Work-in-process (WIP) can be defined as all of the tasks you’re working on right now. Although often revered in today’s culture, task switching, also known as multitasking or context switching, has less than glamorous effects. Juggling simultaneous work doesn’t make you more productive; it just makes you more distracted.
Each time your attention switches to a different task, your brain slogs through a neurological warm-up period that prevents you from being wholly present with your work. Error and delay increase.
The drain of multitasking on the team, as a whole, manifests in repeatedly reprioritized work. Too much work in process also leads to larger and larger queues, further decreasing productivity.
The practice of limiting your work in process is what makes this a Kanban system, rather than a visual to-do list. By using WIP limits, you can improve the flow of work through the process steps you’ve defined on your board.
Limiting WIP also helps to focus the team’s attention on shared goals and encourage collaboration. Having less work in process creates shorter feedback loops within the process and gives more flexibility to learn from how your work is flowing through the system, allowing you to make adjustments on the fly.
Get Work Done Faster: 6 Steps to Accelerate Project Planning and Delivery
Gain practical tips and tools that will help you plan, track, and deliver more efficiently.Obtenir le livre numérique • Get Work Done Faster
Tout le monde est un responsable de projet
A study and guide to successful project collaborationObtenir le livre numérique • Tout le monde est un responsable de projet
Implementing WIP limits requires us to shift, or in some cases, totally uproot some of our deepest held beliefs about the way we work. Two concepts that can be difficult to embrace for people new to Kanban are slack time and the idea of a pull system.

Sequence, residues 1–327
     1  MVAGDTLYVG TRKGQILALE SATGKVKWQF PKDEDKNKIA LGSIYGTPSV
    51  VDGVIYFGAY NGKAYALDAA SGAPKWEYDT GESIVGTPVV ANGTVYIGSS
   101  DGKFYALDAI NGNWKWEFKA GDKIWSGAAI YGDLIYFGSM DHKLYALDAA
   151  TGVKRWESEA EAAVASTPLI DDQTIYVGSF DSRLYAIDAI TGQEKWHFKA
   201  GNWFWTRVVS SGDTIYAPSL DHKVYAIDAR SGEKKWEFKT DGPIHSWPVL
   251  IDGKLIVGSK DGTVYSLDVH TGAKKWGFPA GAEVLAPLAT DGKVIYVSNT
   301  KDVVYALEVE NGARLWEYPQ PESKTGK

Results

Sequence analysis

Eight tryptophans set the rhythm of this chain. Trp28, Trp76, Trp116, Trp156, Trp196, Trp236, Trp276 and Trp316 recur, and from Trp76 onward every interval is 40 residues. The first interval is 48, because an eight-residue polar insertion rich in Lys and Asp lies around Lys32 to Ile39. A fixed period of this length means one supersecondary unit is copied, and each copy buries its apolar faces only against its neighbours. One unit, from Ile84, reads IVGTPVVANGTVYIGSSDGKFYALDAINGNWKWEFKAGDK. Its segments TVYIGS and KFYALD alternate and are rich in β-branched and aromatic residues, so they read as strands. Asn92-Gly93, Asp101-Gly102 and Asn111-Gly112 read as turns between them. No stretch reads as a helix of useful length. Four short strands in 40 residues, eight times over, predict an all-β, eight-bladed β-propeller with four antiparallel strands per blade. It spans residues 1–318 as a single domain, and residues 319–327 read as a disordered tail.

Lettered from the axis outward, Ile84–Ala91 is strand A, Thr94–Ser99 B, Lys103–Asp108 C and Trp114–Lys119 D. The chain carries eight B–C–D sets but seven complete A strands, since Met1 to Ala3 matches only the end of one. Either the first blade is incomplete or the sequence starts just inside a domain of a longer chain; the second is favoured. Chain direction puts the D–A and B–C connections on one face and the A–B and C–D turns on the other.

Slack time isn’t just for slackers
It’s not important that workers stay busy; it’s important that the work keeps moving.
Hitting a WIP limit isn’t a failure or a problem to be avoided. If a team is at its WIP limit, and a team member can’t contribute to any of the working currently on the board, the worst thing they can do is pull new work onto the board.
This work can have a downstream impact on other team members which can slow down the speed of delivery. Instead, that person should allow some slack in the system.
Slack time is a sign of a healthy, sustainable system. Team members can use slack time to implement continuous improvement efforts, plan or brainstorm upcoming projects, relieve technical debt, consume educational content, or anything else that benefits the team.
Not having slack time is the real issue, which should be seen as an opportunity to change your system so it benefits the team and its effectiveness. You should run up against your WIP limits regularly. If you don’t, they’re probably not low enough.
Team buy-in is critical; let the team set its own WIP limit.
WIP limits won’t prevent our cultural proclivity for multitasking, but they will show you the detriments that task switching can have on your work.
Push vs. pull system
Kanban seeks to “pull” rather than “push” work through your process. A push system “pushes” finished work to the next step, whereas a pull system “pulls” work from the preceding step only when it has capacity.
Limiting WIP based on capacity (a pull system) can help work flow smoothly through the board at an optimal rate. Pushing large amounts of work into the system clogs it up and slows everything down (and often makes for poor quality, too).
Get Started! Try This Exercise with Your Team
Remember, buy-in across the team is important. Take some time to learn about why you need to implement WIP limits, and how they can benefit your team. Then, gather around your Kanban board and spend about 30 minutes doing this exercise from our Kanban Roadmap.